There is a fine line as parents when it comes to respecting privacy and knowing when to get to the bottom of what is going on with our children. When do you think it is acceptable to snoop into their personal space to gauge what is going on in their too often private lives?

Monday, June 8, 2015

The one with the girlfriend called 'Mom'

Dear Dad,

My ex husband and I have been separated for 6 years and divorced for 1 year. We have both moved on as he is with another girl and I'm getting remarried in July. 

My oldest son now has a cell phone. I look through my son's phone, as he is only 10, and recently discovered a text message sent to his dad's girlfriend that said: "I love you mom and dad." Now, mind you, this lady has only been in his life for a year, and his dad has only been back in my son's life for two years. I get very upset hearing my son call her 'mom'. I don't want to start a boxing match, but I am really upset.  Am I wrong in feeling this is wrong?

Dear 'Feeling Wrong',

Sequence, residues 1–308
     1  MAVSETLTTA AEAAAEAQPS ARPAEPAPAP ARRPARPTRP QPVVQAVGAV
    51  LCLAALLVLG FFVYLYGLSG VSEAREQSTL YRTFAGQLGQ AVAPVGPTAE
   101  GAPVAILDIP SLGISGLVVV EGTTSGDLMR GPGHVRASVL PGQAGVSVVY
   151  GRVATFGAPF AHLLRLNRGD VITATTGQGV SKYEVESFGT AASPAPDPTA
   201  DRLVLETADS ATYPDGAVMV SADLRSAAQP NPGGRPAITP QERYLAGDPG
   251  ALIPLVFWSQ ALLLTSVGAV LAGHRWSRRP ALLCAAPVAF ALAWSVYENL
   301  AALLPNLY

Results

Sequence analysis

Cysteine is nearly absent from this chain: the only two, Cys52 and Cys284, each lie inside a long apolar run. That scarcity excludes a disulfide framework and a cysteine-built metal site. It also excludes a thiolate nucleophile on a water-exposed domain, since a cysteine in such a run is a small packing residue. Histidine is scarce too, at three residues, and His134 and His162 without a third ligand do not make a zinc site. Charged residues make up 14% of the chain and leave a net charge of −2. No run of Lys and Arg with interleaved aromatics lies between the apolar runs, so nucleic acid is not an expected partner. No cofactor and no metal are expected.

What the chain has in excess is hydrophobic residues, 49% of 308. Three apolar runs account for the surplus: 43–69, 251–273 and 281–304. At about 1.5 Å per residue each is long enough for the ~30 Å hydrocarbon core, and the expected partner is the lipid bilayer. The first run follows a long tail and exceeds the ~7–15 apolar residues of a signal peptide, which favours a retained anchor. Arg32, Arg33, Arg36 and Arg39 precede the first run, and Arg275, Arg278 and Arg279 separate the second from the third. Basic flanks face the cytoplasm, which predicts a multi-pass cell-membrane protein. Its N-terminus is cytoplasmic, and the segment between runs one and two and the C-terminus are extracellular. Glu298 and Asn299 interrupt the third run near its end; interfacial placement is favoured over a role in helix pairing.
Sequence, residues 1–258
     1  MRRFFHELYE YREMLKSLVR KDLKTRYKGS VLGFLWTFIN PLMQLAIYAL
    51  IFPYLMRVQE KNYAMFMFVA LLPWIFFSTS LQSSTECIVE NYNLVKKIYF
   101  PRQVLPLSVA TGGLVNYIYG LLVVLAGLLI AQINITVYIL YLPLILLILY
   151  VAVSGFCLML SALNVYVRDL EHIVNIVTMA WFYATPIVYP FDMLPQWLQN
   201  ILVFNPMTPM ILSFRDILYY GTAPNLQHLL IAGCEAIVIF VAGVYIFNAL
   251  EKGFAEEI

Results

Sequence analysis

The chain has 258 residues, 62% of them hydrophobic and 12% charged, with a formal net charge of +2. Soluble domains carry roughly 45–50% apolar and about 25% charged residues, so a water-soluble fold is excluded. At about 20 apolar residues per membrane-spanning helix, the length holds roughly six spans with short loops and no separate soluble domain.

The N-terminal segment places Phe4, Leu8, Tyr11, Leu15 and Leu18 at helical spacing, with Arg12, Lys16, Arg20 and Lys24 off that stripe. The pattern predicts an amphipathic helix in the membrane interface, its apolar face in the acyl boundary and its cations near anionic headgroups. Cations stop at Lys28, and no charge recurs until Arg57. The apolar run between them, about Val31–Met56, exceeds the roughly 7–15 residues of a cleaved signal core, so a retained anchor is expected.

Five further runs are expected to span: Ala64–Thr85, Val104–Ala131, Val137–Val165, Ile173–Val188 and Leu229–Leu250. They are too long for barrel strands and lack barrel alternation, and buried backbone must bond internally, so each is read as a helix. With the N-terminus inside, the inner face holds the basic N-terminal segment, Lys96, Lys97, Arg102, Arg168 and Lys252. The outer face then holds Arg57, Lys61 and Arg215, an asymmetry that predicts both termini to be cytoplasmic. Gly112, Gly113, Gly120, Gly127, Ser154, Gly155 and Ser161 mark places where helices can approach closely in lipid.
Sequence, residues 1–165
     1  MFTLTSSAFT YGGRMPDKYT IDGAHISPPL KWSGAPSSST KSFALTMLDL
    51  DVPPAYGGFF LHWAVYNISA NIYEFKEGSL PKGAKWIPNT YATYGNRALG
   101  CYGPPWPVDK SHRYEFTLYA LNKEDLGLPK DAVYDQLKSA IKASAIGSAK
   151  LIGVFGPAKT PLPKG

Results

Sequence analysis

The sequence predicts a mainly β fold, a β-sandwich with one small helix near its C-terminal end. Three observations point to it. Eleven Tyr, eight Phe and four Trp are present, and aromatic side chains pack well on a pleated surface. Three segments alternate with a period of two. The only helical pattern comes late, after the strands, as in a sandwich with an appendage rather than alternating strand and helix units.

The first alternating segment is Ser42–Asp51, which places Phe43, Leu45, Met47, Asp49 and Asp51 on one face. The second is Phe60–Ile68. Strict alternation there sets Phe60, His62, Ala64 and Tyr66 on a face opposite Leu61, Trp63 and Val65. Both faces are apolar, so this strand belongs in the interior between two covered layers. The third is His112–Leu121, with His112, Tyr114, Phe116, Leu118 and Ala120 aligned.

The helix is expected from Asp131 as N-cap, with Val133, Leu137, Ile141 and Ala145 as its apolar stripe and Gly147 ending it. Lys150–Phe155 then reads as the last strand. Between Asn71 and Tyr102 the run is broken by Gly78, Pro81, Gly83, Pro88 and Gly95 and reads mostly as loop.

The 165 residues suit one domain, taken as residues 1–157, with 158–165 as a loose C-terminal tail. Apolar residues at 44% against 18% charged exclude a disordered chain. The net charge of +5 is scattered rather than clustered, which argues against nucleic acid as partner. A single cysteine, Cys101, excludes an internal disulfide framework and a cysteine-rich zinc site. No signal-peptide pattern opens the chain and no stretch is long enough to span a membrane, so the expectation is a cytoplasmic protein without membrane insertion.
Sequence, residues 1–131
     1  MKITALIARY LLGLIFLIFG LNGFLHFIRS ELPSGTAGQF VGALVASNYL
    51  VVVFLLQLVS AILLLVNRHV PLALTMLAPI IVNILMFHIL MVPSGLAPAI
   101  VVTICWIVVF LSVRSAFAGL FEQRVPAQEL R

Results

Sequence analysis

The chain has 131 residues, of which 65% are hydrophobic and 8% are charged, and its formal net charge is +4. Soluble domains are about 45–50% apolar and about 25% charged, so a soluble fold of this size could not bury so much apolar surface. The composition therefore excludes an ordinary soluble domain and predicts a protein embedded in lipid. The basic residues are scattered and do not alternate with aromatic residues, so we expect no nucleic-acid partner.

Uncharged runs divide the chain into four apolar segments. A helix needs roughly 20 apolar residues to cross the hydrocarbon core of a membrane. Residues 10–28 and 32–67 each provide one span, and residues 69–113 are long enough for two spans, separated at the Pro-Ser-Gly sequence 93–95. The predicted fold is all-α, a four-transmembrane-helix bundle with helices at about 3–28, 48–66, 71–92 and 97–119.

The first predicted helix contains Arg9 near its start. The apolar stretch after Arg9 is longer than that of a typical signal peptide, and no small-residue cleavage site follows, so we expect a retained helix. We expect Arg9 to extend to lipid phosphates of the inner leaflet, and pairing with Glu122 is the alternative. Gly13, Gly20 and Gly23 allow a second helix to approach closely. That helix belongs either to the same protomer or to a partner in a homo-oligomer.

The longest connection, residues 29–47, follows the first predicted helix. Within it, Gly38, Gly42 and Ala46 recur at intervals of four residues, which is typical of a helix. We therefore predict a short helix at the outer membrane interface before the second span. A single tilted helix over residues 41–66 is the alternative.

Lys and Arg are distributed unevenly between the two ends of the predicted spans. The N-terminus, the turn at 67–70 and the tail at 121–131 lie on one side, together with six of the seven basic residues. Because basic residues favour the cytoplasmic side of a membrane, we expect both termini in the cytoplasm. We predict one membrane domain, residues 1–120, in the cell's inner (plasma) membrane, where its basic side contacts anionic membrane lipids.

My answer here supersedes any prior advice I have given on this subject.  I answered a similar question not long ago on the blog, and the feedback which followed my advice made me re-think the subject. 

One year hardly constitutes a girlfriend/boyfriend qualifying as a parent, step parent, or even parental figure. I believe it is inappropriate for your son to refer to your ex husband's girlfriend of one year as 'Mom'.  What if they break up?  I think for a ten-year-old, calling two people 'Mom' is confusing (heck, I'm 40 and I won't call my mother-in-law 'Mom' as I already have a Mom - but I also don't want to disrespect her, so I often just refer to my mother-in-law as: "Will you please pass the gravy?", or "Hey, can I help you with that bag?" ).